It is unfortunate claims are denied and that we as covered members have to pursue and take action to reverse errors or gaps in care. All we want to do is get treated by our doctor and to have our health insurance help finance that service. We end up having to navigate a healthcare and health insurance system which are not always setup for success.  There are many hidden barriers, roadblocks, and snafus which are out of our control.

If you get your health insurance through an employer or group plan, not through the Open Market plans, I wouldn’t necessarily think you’re out of the woods; your plan could be denying the same percentage of claims.    Let me point out some information to support why we should take pause and believe that the high denial rate is prevalent in all types of health plans:

  • Healthcare providers, doctors who are In-network are the same providers for the most part who participate in the networks offered to employer plans.  Same doctors.
  • Type or kind of healthcare treatment received by people enrolled in these affordable care act plans through are the same kinds of treatment people get who are covered by employer plan (and probably Medicare).
  • The process to submit medical claims to insurance companies is the same as that for employer plans.
  • The people who work at these insurance companies are the same.
  • The computer systems, logistics, internal networks, pharmacy systems are the same.
  • We’re all using the same healthcare and health insurance system.

Employer health plans are not required by law to report on their claims activity. One could only project that the same percentage and types of denials are occurring with claims that come from employer group or union plans.   It’s the same insurance companies who administer.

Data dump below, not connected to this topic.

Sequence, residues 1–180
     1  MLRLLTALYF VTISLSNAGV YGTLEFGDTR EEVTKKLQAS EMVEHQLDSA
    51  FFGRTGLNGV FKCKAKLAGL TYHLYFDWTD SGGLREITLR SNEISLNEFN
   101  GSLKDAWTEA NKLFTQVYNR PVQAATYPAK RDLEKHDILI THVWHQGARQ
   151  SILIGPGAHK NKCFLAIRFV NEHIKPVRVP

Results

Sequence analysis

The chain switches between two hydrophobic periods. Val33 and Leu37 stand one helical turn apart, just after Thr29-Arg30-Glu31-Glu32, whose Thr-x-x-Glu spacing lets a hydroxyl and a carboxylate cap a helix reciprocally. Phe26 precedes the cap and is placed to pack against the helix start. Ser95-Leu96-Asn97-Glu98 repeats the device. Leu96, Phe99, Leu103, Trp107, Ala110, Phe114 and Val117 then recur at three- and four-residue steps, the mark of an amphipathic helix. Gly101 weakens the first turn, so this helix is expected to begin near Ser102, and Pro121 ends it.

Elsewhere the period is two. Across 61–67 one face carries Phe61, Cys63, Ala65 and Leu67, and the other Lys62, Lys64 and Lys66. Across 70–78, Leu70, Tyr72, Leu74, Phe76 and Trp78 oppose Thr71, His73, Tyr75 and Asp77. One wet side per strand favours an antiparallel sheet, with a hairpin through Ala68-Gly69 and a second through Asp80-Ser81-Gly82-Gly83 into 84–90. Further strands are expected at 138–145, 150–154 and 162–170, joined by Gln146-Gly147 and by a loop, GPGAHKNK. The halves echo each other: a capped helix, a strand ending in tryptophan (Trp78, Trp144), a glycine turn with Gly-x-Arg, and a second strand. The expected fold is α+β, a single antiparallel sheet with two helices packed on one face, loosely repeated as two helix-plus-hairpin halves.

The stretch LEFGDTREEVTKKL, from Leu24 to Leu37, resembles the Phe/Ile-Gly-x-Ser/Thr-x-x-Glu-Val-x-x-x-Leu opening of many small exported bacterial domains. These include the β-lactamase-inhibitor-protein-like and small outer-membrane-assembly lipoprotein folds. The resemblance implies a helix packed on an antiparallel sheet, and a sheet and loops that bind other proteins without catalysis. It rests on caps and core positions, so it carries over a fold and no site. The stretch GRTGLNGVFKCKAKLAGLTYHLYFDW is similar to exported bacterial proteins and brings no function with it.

In 2021, the number of people covered by health insurance from their employer sits at around 156 million, or 49% of the country’s population.  This is according to research done by Kaiser Family Foundation. That’s a lot of people. This means a lot of claims are flowing through the insurance companies systems.  18% of claims, if accurate for employer plans, is a lot more claims and a lot more healthcare costs being passed on or paid for by the very same people the health insurance is supposed to health in their financing.

What actions can you take to avoid or handle your denied claims?

  1. Ask up front whether the treatment your doctor is about to provide or recommends is covered by your health plan. 
  2. If referred to a specialist for a special procedure ask up front if you need a referral.
  3. Retain and provide your latest health plan ID Card to your healthcare provider at the time of service.
  4. Verify timely that the claim was processed/paid by the insurance plan as expected
  5. Read the Explanation of Benefits statement (EOB) online before you make any payments to your doctor. 
  6. Engage your In-Network provider to go to bat for you.
  7. File an appeal. It’s the official way to put the insurance carrier on noticed and they have to respond.  
  8. If you get health insurance through your employer, ask your HR or Benefits contact for assistance. Can they get someone at the insurance company (account rep) to help intervene.
  9. After you’ve exhausted other measures timely, you can contact your local state insurance department, they may have an ombudsmen or insurance complaint department who investigates. They will at the very least send a letter to the insurance company requesting details on your situation.  Insurance companies are accountable to these entities at least in providing visibility and getting an accurate assessment.

In summary:

  • Pay attention to your claims on a timely basis
  • Use the insurance website to track your claims
  • Ask up front if your treatment is covered
  • Don’t assume what you’re billed by the doctor is accurate or what you owe
  • Keep notes